The interesting thing is that my father respected this decision and never took any action but continued to provide my living and educational expenses. When I analyze it from the perspective of culture it makes perfect sense: how could my mother, Mama jani object in front of her elder sister, Ammi jee, who did not had any children of her own and how could my father go against his wife or his elder cousin-sister? What would have family members said? That’s how my biological mother became my Mama jani, whereas my mother who adopted me and had a deep influence on my personality became my Ammi jee.

«(…) my Ammi jee who had an unfulfilled, childless life became a philanthropist and natural care giver of the entire family.»

My Ammi jee got married to one of her maternal cousins at a very young age, Muhammad Iqbal. He spent all his life in England and never once tried to take her with him as this forced marriage was also one of the cultural baggages placed on his shoulders which he could not accept until his last days; he passed away in 2013. Yet all my life I have seen my Ammi jee faithfully serving his family. To an extent that my Bhai, the cousin brother in my childhood house who eventually helped in my adoption, was actually the nephew of Mr. Iqbal whom Ammi jee generously took in and helped in his education. Thus, my Ammi jee who had an unfulfilled, childless life became a philanthropist and natural care giver of the entire family. She took in all the cousin siblings in her household for education. Everyone who ever got sick in the village came and stayed at our home in Mirpur.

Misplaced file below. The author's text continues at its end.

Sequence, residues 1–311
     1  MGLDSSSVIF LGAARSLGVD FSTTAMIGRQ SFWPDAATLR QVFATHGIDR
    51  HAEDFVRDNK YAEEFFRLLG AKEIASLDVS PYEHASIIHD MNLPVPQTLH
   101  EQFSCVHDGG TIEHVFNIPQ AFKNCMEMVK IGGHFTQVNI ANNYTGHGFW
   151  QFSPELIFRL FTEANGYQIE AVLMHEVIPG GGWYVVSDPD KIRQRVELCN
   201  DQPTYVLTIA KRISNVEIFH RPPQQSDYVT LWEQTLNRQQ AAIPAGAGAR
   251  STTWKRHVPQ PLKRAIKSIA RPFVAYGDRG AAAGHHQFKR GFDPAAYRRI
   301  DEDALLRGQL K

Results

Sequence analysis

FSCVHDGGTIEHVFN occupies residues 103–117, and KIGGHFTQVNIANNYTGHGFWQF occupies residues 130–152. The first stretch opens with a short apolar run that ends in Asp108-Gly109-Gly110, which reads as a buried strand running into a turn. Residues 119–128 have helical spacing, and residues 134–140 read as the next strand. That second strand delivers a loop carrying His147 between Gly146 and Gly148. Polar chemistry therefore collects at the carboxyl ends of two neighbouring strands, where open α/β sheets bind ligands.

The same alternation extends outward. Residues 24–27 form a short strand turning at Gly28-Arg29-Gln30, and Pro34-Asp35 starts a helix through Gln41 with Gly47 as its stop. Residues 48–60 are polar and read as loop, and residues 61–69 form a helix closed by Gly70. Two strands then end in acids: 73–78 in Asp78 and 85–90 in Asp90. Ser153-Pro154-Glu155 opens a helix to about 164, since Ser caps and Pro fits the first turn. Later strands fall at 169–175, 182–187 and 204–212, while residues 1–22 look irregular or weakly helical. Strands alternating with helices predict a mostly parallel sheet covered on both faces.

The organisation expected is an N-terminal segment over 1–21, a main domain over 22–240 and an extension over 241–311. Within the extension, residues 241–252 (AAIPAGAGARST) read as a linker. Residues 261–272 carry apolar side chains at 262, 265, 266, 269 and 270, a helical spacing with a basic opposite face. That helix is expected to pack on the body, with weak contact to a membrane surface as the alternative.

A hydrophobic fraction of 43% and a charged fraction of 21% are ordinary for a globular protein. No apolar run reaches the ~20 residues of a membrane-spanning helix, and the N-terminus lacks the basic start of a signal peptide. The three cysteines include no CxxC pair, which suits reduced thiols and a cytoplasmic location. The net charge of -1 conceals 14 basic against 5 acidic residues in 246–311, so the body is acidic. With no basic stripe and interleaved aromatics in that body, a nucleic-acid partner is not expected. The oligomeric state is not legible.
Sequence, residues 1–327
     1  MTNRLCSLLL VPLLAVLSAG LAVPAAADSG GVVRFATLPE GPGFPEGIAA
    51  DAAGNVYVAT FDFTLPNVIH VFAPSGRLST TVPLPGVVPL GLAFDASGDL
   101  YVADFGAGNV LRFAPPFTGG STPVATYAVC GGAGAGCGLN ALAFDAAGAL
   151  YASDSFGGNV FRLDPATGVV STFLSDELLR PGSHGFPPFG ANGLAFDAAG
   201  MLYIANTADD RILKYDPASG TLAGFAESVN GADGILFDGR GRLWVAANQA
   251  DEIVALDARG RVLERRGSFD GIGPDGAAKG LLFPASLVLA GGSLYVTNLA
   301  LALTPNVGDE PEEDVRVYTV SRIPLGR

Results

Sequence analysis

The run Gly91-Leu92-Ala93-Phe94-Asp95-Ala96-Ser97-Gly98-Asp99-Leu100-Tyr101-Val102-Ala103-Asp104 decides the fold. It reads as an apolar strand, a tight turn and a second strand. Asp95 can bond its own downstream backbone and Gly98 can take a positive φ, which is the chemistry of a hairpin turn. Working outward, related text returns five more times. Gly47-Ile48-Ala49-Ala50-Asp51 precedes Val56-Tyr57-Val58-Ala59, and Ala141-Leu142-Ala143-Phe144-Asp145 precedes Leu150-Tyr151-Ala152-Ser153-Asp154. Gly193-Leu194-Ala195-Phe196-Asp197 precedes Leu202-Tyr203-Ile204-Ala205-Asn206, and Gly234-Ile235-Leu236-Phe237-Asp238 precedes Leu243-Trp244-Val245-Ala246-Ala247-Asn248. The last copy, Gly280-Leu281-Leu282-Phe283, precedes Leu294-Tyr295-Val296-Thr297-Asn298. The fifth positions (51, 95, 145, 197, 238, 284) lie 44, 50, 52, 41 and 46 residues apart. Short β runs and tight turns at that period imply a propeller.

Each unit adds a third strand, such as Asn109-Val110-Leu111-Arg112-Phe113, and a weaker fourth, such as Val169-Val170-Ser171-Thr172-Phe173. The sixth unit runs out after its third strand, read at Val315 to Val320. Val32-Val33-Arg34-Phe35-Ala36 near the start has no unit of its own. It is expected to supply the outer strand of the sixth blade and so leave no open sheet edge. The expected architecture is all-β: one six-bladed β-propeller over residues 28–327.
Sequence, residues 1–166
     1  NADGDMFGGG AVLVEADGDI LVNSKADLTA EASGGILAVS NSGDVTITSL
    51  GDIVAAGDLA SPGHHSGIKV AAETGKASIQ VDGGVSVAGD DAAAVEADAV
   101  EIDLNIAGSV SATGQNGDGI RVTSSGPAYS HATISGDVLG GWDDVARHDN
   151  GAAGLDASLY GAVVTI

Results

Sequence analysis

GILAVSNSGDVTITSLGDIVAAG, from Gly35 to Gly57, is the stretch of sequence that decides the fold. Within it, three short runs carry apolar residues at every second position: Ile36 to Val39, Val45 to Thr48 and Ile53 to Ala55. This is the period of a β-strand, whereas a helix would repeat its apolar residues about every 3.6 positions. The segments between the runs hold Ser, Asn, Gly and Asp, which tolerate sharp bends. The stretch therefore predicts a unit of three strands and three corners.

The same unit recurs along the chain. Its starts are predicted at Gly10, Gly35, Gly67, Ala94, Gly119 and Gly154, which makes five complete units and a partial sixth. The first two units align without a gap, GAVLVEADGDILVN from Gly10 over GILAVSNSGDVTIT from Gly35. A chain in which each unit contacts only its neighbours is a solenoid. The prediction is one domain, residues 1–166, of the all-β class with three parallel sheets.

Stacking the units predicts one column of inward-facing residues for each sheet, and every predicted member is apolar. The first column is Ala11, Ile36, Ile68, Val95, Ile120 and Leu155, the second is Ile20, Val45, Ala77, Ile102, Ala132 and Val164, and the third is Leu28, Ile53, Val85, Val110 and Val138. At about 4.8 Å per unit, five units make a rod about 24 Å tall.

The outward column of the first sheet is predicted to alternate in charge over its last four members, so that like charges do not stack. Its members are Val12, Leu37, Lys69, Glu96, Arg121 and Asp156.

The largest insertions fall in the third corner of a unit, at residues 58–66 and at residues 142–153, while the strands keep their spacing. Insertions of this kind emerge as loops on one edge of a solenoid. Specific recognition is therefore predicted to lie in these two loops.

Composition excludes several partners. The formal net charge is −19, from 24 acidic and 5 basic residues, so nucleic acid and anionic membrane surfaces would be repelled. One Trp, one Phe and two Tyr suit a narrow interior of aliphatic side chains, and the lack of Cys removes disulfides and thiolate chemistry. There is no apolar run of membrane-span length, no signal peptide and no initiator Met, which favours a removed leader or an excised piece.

By doing this not only she was able to live a content life despite her misfortune but this also earned her a very powerful status within the family. Everyone respected her decisions and she was considered the head of delegation in all family counsels convened to take major decisions of marriage and resolving conflict amongst family members. She became and still is the iron lady of the family and I feel so blessed to be chosen to be her daughter. My name Esha Iqbal is again against the doctrines of Islam i.e. a child should be called by the name of his or her biological father to protect their identity (5), but my parents did it just to give their sister happiness of having her own child.